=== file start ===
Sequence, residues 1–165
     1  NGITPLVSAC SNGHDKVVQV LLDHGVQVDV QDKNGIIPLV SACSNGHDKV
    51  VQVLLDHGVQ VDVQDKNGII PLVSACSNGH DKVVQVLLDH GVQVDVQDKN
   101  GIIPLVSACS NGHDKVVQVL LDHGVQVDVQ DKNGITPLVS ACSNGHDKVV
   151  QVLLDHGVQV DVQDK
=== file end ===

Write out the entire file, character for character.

Sequence, residues 1–165
     1  NGITPLVSAC SNGHDKVVQV LLDHGVQVDV QDKNGIIPLV SACSNGHDKV
    51  VQVLLDHGVQ VDVQDKNGII PLVSACSNGH DKVVQVLLDH GVQVDVQDKN
   101  GIIPLVSACS NGHDKVVQVL LDHGVQVDVQ DKNGITPLVS ACSNGHDKVV
   151  QVLLDHGVQV DVQDK